Growing in Gratitude

I chose the word growing as my focus for 2019.

Grant this former English and writing teacher/professor a little grace as I throw in a brief grammar lesson. Growing is the present continuous form of the verb grow. “So what?” I hear you asking. Well, this means the action of growing is happening now, and it’s also continuing into the future.

 

I want growth that produces
momentum for greater growth.

 

I don’t want to just grow, I want to bloom in every aspect of my life. But even more importantly, I want my growth that produces momentum for greater growth–especially in the most important dimension of my life, my spiritual life. One important goal for growth for me this year is growing in gratitude.

I struggled in this area for many years. It’s not that I didn’t say “thank you,” and feel grateful for the things I had. I took people for granted. I took God’s presence and blessings in my life for granted. These things showed up in a critical spirit and a victim mentality. I was pretty much blind to these things until people who loved me graciously held me accountable. I talk about this journey more fully in my book The Silent Seduction of Self-Talk: Conforming Deadly Though Patterns to the Word of God.

 

God gives us the ingredients for growing in our spiritual life:
the Word of God,
the Spirit of God,
and the people of God.

 

Gratitude means more than saying “thank you” or acknowledging that we’re blessed. We convey gratitude in actions we choose and the attitudes we convey to others. We express gratitude in our nonverbal language. We show gratitude through joyous generosity that flows from humble awareness of all God’s given us.

Gratitude is the rain
that nourishes the seed of forgiveness.

 

Gratitude is the sun that melts the proud heart and graces the humble with quiet power.

But how does growing in gratitude work on a practical level?

 

I love my husband, and I’m enormously grateful for many things about him. I can tell him I’m grateful for him a dozen times a day. I can write my thoughts in cards. I can display them on the bathroom mirror in red lipstick.

But my words mean nothing if my attitude and actions don’t match. I negate what I say if

  • I ignore him because I’m too engrossed in my own priorities.
  • I use sarcasm and criticism that disrespect him.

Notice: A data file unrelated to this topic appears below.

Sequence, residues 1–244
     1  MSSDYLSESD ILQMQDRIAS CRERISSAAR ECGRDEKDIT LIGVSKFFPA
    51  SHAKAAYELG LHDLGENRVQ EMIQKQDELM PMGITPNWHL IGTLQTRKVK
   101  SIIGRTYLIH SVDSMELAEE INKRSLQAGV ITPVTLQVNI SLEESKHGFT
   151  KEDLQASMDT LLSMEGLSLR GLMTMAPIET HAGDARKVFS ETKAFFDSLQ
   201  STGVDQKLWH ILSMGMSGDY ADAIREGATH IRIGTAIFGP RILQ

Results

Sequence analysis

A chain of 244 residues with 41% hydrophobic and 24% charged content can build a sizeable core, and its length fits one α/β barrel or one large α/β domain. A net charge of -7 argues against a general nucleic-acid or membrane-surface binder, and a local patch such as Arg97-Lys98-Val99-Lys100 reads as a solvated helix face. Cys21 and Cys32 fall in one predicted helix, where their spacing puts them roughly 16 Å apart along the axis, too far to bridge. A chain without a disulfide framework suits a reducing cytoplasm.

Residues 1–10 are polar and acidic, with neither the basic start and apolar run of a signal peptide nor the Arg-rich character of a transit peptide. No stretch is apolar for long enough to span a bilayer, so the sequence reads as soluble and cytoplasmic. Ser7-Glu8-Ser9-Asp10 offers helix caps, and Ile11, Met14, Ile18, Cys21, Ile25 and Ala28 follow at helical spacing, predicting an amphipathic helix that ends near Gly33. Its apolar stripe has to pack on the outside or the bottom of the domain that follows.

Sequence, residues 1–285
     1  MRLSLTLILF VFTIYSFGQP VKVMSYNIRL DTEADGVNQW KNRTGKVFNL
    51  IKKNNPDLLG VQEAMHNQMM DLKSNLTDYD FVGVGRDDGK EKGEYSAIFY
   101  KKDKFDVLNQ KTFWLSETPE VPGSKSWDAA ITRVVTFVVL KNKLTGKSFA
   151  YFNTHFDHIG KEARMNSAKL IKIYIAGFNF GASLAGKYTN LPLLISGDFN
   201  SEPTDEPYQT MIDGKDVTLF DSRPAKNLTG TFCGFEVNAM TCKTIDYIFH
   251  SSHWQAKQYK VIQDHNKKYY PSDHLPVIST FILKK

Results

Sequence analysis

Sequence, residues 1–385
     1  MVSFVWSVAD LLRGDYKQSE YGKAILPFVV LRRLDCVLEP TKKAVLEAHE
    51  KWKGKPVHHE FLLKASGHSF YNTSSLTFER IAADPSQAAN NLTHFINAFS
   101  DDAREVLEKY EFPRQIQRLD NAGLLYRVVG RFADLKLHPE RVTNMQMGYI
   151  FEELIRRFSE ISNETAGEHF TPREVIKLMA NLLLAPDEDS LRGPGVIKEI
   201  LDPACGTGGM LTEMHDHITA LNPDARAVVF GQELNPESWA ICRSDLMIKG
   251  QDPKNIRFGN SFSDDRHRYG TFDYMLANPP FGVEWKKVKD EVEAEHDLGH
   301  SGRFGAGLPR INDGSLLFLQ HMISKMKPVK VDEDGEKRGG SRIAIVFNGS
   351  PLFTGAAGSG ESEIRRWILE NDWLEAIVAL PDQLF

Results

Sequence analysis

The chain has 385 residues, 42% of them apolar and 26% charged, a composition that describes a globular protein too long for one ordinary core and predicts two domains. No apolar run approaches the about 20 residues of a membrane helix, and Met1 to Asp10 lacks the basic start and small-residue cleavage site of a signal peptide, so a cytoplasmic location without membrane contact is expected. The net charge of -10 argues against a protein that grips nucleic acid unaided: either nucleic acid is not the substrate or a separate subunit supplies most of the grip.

• I do things behind his back that I know he disapproves of.
  • I talk disrespectfully about him when I’m with friends.

True gratitude expresses itself in ways
that can be seen and sensed.

  • Sacrifice
  • Humility
  • Service
  • Respect
  • Looking out for the best interests of the other
  • Forgiveness and reconciliation

For me, this comes down to paying attention to my self-talk. This is where I discover my true motives and priorities. As I examine my self-talk, I discover that my self-interests often crowd out gratitude and love for others. You can find more information about self-talk in my book The Silent Seduction of Self-Talk: Conforming Deadly Thought Patterns to the Word of God.

Gratitude grows as I grasp God’s love for me and compels my heart to conform to His.

Ask God to magnify your appreciation for all He’s done for you. Ponder the blessings of your life–large and small. Then ask Him to increase your heart of sacrifice, humility, service, respect, forgiveness, and reconciliation.

Gratitude is a lifestyle and a mindset.

“The steadfast love of the Lord never ceases;
his mercies never come to an end;
they are new every morning;
great is your faithfulness.
‘The Lord is my portion,’ says my soul,
‘therefore I will hope in him.’”

Lamentation 3:22-2

 

What about you? How do you show gratitude in your life? How do you want to grow spiritually this year?

 

 

The Un-Diet that Helped Me Get Healthy

I was 44 when I found myself in a neuro-oncology unit unable to walk or stand and seeing the world in double.

After dozens of blood draws, CT scans, MRIs, x-rays, neurological evaluations, and a spinal tap thrown in for fun, the numerous doctors consulting on my case still couldn’t determine what was wrong with me. But after several weeks and lots of IV steroids, they sent me home.

Shortly after I was released, I determined to try to do what I could to improve my health. My first priority was to lose weight. I was 5’8″ and weighed at 245 pounds and hoped that among other things, weight loss would positively affect my newly-diagnosed diabetes.

I’d dieted most of my life and thought foods were “good” or “bad.”

Dieting was about deprivation. If I ate a bite of cake or a cookie, I immediately felt like a failure. As a child, my father had shamed me for my weight. I don’t think he did it to be mean. My father’s weight never fluctuated more than 5 pounds over his entire life. He was an engineer, and the world was black and white. I think he intended to motivate me, but his harsh words harsh haunted me for decades.

I created a simple plan.

  • Eat more of the healthy foods I loved.
  • Eat fewer calorie-laden foods.
  • Find lower-calorie substitutes for high calorie foods.
  • Reduce portions. I could eat all of it, but I couldn’t eat it all at once. (I began asking for only half of a restaurant meal to be brought to the table and the other half to be boxed up for me to take home.)
  • Become more active.
  • Eat and enjoy what I liked.

My plan was sensible and simple. It focused on foods I liked and wasn’t a “diet.” It was a plan I could live with for life.

I joined Curves with my daughter. We met in the morning and chatted our way through our exercise. It was such fun being with her that I loved to go. Slowly, over the course of about two years, I lost 75 pounds. I’ve kept the weight off for over fifteen years.

At no point did I feel like I was on a “diet.”